Three Common Questions About Estate Planning

Estate planning attorney dallas

Most wills are fairly predictable for the most part. They distribute assets, name guardians for children, name will executors, et cetera. There have been several wills, however, with not-so-predictable requests. If you’ve ever eaten a Pringle, you’ve experienced one of the inventions of Fredric Baur. He was so fond of his Pringles can invention, in fact, that he made it a part of his will that his family bury his ashes in one. And in 2008, in deference to his wishes, they did.

Wills, trusts, and estate planning are all important for making your wishes known so that everything moves smoothly if you become incapacitated, and when you die. Here are three questions people often ask in regards to estate planning.

1. How Can I Help My Family Avoid Probate?

Probate is the legal process in which a person’s will is observed and carried out. During probate, multiple necessary actions are carried out that need to happen after a death. Creditors are notified, real estate is sold if necessary, and income taxes and other administration costs are removed from the estate assets before will distribution. Probate can be time consuming, though, and since a probate attorney is usually hired, also costly. If you want to avoid probate, you will need to choose a revocable living trust.

2. How Does a Revocable Living Trust Differ From a Will?

Although they are similar documents with similar aims, there are some key differences between revocable living trusts and wills. If privacy is important, then revocable living trusts might be a good idea. They are kept private, while wills are made public. Living trusts also have better protection from lawsuits (which are rare, but do happen), and they can also name a conservatorship, or someone in charge of you or your property if you become unable to manage them yourself. On the other hand, wills allow you to name guardians for children, validate your desires without a notary public, and instruct on how debt should be paid off.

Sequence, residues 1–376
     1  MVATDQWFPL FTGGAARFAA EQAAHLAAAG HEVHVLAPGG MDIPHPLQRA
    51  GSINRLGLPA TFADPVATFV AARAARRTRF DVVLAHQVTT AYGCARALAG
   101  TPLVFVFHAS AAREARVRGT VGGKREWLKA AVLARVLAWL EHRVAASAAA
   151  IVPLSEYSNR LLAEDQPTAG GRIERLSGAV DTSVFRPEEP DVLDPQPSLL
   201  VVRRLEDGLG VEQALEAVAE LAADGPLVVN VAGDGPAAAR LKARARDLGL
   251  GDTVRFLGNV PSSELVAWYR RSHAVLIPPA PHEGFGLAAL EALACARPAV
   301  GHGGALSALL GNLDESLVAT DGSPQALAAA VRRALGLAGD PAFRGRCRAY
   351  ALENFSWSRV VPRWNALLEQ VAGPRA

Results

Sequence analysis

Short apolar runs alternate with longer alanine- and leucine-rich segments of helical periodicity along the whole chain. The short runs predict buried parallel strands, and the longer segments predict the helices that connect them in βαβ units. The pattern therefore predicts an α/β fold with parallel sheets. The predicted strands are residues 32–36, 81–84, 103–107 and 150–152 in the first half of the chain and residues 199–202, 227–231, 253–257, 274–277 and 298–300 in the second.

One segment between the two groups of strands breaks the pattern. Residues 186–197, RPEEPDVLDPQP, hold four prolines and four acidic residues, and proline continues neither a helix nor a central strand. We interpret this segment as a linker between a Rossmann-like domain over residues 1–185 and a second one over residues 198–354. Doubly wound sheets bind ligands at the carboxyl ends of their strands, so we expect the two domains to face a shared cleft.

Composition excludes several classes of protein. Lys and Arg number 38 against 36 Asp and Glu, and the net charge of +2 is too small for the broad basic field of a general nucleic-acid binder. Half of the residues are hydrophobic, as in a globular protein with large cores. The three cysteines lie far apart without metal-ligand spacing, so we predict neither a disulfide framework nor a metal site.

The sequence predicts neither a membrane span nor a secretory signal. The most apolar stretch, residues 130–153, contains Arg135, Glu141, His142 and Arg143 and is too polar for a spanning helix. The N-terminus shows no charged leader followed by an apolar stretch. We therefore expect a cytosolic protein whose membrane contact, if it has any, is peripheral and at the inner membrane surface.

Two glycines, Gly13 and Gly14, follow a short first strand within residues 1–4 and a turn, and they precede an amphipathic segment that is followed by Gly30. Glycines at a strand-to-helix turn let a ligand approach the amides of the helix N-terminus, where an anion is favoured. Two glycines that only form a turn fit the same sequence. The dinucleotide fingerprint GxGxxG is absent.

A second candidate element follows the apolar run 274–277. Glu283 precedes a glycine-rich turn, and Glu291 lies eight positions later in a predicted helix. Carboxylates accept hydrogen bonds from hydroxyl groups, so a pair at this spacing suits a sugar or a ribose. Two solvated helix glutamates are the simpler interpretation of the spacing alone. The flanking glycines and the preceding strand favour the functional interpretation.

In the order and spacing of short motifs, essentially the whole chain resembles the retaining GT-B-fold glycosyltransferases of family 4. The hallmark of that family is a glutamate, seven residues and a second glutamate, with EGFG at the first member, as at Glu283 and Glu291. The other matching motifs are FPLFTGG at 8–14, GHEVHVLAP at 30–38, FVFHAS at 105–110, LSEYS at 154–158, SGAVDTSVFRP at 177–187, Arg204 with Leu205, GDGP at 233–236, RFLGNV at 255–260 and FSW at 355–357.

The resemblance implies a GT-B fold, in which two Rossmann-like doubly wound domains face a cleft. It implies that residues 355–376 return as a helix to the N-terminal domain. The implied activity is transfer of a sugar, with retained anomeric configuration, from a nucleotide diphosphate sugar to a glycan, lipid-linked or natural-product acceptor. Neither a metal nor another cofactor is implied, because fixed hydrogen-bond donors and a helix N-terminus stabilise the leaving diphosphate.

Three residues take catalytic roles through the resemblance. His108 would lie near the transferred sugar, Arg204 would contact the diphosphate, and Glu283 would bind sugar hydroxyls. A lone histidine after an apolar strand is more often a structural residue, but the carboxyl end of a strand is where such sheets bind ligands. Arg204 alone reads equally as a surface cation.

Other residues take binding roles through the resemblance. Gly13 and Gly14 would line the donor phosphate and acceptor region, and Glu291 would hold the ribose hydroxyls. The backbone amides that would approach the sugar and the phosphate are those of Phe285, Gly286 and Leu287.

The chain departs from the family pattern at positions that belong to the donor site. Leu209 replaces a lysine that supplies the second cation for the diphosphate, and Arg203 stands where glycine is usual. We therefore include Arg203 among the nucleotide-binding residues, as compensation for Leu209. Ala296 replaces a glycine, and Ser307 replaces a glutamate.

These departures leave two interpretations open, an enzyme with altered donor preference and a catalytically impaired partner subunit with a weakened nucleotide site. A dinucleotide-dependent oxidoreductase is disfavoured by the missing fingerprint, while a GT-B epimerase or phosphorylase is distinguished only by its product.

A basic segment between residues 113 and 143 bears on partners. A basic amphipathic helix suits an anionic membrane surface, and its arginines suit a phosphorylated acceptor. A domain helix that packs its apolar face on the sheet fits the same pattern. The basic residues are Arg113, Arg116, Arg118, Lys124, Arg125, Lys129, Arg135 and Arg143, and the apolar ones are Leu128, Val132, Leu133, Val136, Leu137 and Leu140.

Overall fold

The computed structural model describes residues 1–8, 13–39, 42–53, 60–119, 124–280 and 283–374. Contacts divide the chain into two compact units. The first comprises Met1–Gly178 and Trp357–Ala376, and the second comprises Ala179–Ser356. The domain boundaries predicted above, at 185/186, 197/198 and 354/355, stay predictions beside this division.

3. Why Would I Need an Estate Planning Attorney?

About points out that estate plans are something you don’t want to mess up; “One wrong word… can change the entire intent of a will or trust.” Although there are many online tools available for easy estate planning, it’s easy to create an invalid request without realizing it. In Florida, for example, you can’t choose a non-state, non-family member resident to be your personal representative. Mistakes like this can be costly, and stretch out the legal process. Lawyers can also advise you in more complex financial or family situations involving minor children, real estate, business property, divorce, and more.

Do you think you have adequate asset protection
for when you die? Let us know in the comments. More on this topic.